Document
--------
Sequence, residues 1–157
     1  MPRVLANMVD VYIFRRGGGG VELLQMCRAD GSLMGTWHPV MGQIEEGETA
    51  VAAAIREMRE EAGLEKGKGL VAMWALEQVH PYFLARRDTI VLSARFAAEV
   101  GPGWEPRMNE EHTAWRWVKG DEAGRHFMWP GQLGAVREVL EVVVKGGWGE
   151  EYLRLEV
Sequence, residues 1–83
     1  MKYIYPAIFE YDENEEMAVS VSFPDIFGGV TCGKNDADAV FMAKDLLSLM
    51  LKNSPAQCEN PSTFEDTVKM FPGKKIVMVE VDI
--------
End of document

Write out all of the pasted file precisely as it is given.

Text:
Sequence, residues 1–157
     1  MPRVLANMVD VYIFRRGGGG VELLQMCRAD GSLMGTWHPV MGQIEEGETA
    51  VAAAIREMRE EAGLEKGKGL VAMWALEQVH PYFLARRDTI VLSARFAAEV
   101  GPGWEPRMNE EHTAWRWVKG DEAGRHFMWP GQLGAVREVL EVVVKGGWGE
   151  EYLRLEV
Sequence, residues 1–83
     1  MKYIYPAIFE YDENEEMAVS VSFPDIFGGV TCGKNDADAV FMAKDLLSLM
    51  LKNSPAQCEN PSTFEDTVKM FPGKKIVMVE VDI